“Maybe I wasn’t dead, not really anyway. The curse has brought me back more than once in the last two hundred years,” she stepped in and closed the door. “And you will inherit it all. That’s why you and your dad have been with me since I…your mother passed away.”
“How did my mother die?”
“We’ve been over this before, child. She was killed in a car accident. You know that.”
“Why do you have my dad’s ring? I thought you told me it had been lost when he died. How did he really die, Nan?”
“Same as your grandpa. Why are you asking me so many questions?”
“I found dad’s ring.”
Nan took a deep breath and let it out slow. “One day I will show and tell you everything, but for now we have things to do before your cousin’s family gets here. I told him, you would fetch the Christmas tree.”
“Kendal’s okay with all of this?”
“I think he just needed to get over the shock of finding out what he saw as a child, was true, and he seems to be much better today. But either way, you keep an eye on him, just in case.”
Casey bent down to pick up the bone she had taken off the table, with every intention on removing the ring. “Please child, leave it be for the time being. You don’t understand what will happen if you remove that from the bone.”
She laid it back on the table and walked out without saying another word. Casey knew something was even worse than what she had been living with most of her life, and she now was determined to keep it from happening to her cousin’s family. She decided to do as she was told until the time was right and she could sneak back up to the little room of horrors.
After yanking and pulling, Casey finally freed the old tree from the shed where it had sat since the year her father died. Her thoughts kept going back to the ring and why it would be tied to a bone. Then she remembered the limp that her father had gained after he returned. What had his own mother done to him? If she was really his mother, that is. Casey dragged the old green plastic tree to the front of the house and grabbed the water hose and began spraying the years of dust away.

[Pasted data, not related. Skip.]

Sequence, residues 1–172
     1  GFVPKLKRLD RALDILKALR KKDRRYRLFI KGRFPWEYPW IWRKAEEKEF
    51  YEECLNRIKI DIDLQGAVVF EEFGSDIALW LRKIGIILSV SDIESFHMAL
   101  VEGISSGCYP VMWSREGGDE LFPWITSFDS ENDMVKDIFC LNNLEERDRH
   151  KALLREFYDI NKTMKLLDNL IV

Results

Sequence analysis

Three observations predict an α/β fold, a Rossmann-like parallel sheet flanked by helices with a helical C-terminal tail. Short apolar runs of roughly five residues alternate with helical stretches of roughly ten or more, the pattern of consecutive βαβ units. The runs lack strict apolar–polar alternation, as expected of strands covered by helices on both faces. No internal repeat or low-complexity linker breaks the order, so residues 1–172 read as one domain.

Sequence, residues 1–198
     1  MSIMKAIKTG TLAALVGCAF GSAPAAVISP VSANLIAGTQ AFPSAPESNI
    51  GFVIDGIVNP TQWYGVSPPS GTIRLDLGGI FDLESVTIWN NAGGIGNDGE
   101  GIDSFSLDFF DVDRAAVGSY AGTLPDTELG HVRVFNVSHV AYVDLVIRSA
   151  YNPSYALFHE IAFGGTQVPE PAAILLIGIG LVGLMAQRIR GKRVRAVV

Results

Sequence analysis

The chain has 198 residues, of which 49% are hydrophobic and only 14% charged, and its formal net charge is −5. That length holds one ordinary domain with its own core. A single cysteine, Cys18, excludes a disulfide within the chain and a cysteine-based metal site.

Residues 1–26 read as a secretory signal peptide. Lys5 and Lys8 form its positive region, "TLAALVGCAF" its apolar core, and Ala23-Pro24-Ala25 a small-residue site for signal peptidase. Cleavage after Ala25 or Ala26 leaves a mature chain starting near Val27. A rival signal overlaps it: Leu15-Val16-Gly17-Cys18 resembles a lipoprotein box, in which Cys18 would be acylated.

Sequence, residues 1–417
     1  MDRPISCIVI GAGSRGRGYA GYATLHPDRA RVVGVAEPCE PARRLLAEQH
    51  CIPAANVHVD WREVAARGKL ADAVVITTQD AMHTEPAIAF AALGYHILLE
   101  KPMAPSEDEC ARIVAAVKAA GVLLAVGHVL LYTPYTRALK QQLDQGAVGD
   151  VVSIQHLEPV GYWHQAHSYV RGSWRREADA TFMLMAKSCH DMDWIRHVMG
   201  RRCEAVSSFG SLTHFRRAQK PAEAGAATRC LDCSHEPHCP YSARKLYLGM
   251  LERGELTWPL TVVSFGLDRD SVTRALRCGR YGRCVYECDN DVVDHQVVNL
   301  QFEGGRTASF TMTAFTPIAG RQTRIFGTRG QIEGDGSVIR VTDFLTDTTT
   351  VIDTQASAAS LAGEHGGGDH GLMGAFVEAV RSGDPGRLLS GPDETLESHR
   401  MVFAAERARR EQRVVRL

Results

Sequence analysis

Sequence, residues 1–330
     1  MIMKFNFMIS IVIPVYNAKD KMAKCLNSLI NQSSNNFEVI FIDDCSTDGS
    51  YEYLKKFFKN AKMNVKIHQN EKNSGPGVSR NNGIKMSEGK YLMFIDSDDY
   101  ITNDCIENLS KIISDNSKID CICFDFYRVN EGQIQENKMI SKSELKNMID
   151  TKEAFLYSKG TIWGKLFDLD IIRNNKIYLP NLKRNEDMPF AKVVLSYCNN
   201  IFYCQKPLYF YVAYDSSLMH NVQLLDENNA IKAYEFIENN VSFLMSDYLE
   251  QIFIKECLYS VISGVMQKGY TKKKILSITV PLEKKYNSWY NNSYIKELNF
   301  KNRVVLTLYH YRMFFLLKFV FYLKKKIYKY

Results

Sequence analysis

The Conclusion

Cindy couldn’t sleep due to the thoughts of her beloved on her mind. She picked up her cell phone and tried a second time to reach him. Ben on the other hand, was sound asleep. The rush of getting to the airport and the flight itself had worn him out. She paced the room for a good ten minutes before lying back down, thinking she should wake her child and complete their trip. She chose to let him sleep and head out in the morning.
Back at the farm, Casey was bringing in the tree, while Nan instructed her zombies to place the strands of big, bulb lights, around the bottom of the balcony and around the front pillars.
Kendal was still on the living room couch, trying to eat the food his Nan had brought him. The one thing he was happy about was having the restraints removed. What he didn’t like, was not being able to stand on his freshly broken ankle. He had tried to stand the moment his Nan went out the front door, only causing himself so much pain that the substance of his stomach almost came up. While eating he got to looking at the photos that were set around the room. He recognized a few of the people, but had no clue who the others were.
One of the photos looked like it came from the eighteen hundreds, but to him that was impossible due to the fact that Nan was in it, though those around her were some of the people he had never known. It would be a question he would ask Casey as soon as they were alone. Kendal could see something different in her demeanor as she worked to get the tree into the center of the foyer.
“I wish I could help you, Casey,” he called out.
“I think I have it, if I could just get it into this stupid holder,” she smiled at him.